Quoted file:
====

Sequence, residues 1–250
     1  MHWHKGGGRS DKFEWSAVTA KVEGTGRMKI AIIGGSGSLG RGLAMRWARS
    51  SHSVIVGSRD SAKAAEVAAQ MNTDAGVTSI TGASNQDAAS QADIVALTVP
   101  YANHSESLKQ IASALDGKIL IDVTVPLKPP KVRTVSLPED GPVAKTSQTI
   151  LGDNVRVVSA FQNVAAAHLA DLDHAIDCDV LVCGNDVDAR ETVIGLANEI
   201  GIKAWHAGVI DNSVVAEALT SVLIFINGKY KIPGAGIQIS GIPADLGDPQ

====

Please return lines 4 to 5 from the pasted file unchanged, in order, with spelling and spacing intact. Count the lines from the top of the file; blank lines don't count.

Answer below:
   101  YANHSESLKQ IASALDGKIL IDVTVPLKPP KVRTVSLPED GPVAKTSQTI
   151  LGDNVRVVSA FQNVAAAHLA DLDHAIDCDV LVCGNDVDAR ETVIGLANEI